Don’t believe everything you read on the Internet, unless you’re desperate…
Sometimes, we do smart things. Sometimes, we do stupid things. Then there are other times, when we do things that are both smart and stupid. Buying a cheap 2003 Range Rover definitely fits in that last category.
I want to tell you about a massive victory I had with my best/worst automotive decision… the yin and the yang of 4WDs. This is because it literally saved me thousands of dollars in repair bills, and because I’m genuinely surprised it worked.
The Range Rover is a complex and complicated vehicle. And as things get older, the propensity for failures increases. On an early L322 Range Rover, the steering column is notorious. Once upon a time a steering column was simply a rod of steel. Not on this beast; the immobiliser and steering lock mechanism (along with tilt and reach motors) make it more complex than teenage angst. Problems arise when your steering column computers and locks decide to stop working, and you can’t turn your key in the ignition. Your Range Rover instantly becomes a 2.5-tonne paperweight.
Let’s look at the worst case scenario: You call up Land Rover and say, “My Range Rover won’t start.” Then you probably say, “Again.” Then, you catch up with Rosie from Roadside Assistance – because her kids have just started big school and you haven’t spoken in a couple of weeks. What the bloke from Land Rover will do is look at your Range Rover, rub his hands gleefully, then plug in a computer. It tells him that there’s a problem with the steering column, and Land Rover opts to replace the whole thing. That costs anywhere between $4,000 to $7,000. When you’ve only spent $14,000 on the whole car, that makes you extremely sad. Of course, this exact thing happened to me. I cursed, I cried, I felt that sharp pang of regret. Then, I spent hours on Range Rover forums looking for answers. Literally. I was kicked out of bed at 1.30 in the morning, expelled to browse forums on the couch. I read and read through countless tales of woe and financial ruin, looking for a glimmer of hope. And I found one.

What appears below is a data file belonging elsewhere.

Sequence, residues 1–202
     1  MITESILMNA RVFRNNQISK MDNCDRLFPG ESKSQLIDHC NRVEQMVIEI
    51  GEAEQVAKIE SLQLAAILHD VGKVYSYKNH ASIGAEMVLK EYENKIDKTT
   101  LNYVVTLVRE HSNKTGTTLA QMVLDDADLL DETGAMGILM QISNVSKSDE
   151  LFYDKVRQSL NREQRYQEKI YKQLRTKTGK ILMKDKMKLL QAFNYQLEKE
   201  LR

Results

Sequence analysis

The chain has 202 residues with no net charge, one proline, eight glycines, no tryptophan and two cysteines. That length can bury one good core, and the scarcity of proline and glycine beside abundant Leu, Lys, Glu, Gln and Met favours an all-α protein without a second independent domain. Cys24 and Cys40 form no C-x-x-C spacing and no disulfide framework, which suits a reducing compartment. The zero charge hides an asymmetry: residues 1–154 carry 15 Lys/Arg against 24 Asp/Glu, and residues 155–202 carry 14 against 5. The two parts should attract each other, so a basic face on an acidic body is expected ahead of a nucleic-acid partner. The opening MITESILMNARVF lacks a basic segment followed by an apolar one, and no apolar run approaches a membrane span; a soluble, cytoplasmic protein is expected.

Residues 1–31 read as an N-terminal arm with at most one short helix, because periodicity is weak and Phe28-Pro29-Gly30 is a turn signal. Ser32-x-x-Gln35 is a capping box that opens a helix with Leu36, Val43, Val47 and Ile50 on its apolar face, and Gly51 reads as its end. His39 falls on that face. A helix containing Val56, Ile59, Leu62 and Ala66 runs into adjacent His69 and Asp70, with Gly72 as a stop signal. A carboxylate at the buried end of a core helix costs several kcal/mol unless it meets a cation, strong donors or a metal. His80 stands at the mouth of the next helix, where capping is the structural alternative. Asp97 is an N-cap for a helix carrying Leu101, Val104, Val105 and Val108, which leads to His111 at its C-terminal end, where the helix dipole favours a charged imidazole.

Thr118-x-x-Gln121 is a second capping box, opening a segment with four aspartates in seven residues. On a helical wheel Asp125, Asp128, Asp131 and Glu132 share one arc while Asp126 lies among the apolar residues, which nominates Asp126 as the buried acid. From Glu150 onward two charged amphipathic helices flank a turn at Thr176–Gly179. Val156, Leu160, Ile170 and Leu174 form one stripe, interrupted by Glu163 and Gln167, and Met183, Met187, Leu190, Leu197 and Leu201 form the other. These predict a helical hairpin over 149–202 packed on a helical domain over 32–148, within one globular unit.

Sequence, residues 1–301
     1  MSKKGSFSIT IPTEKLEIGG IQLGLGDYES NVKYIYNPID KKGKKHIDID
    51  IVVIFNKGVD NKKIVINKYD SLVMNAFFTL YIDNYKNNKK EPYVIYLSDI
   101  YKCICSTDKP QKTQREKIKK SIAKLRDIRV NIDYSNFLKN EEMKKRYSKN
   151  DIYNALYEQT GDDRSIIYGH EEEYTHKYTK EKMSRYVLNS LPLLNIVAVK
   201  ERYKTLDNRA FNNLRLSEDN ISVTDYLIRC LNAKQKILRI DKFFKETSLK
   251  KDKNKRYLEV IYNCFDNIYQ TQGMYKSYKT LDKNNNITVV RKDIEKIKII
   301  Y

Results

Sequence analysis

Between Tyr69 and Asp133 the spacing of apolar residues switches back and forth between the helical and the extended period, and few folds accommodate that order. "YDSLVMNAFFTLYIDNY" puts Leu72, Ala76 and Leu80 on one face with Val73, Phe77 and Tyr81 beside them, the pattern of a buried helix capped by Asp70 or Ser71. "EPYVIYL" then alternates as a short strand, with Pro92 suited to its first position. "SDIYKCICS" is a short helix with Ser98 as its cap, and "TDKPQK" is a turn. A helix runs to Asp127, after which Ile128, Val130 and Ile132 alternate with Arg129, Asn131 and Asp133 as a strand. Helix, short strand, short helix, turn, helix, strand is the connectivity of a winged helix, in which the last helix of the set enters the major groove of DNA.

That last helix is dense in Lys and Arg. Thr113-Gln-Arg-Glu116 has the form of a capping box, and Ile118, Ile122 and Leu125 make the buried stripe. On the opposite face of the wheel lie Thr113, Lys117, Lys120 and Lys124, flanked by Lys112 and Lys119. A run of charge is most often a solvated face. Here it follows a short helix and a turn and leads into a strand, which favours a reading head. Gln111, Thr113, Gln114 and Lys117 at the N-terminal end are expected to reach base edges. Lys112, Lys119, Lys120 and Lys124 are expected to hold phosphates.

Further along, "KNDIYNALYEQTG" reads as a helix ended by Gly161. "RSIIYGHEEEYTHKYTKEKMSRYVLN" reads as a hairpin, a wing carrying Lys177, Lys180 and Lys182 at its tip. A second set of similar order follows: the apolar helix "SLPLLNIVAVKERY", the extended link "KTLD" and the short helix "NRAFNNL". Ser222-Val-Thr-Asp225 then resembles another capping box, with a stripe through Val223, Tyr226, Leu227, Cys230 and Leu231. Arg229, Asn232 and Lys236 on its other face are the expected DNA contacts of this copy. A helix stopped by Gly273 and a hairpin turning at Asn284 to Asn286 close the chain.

One bloke, who like me is too proud/poor to throw good money after bad, decided to have a closer look at his steering column problem. He reefed his column out, and started pulling it down. He found and replaced a broken magnet, and fixed the problem. Total cost? A few hours of time, and 30-cents. Less than a Maccas soft serve, for goodness’ sake! “Surely, this won’t work,” I thought to myself as I started taking apart the steering wheel. It was worth a shot though. I had no other choice and nothing to lose, except more money. Long story short, it DID work. My little magnet was broken as well, and with my own new 30-cent magnet (which cost $17 to ship over from the USA) I effected the repair. I put it all back together, turned the key, and that buttery V8 roared back into life. I just about cried; again. It worked. I felt the purest form of joy, like a kid’s first taste of ice-cream. So there you go. Don’t believe everything you read on the Internet…unless, of course, you’ve got absolutely no other choice.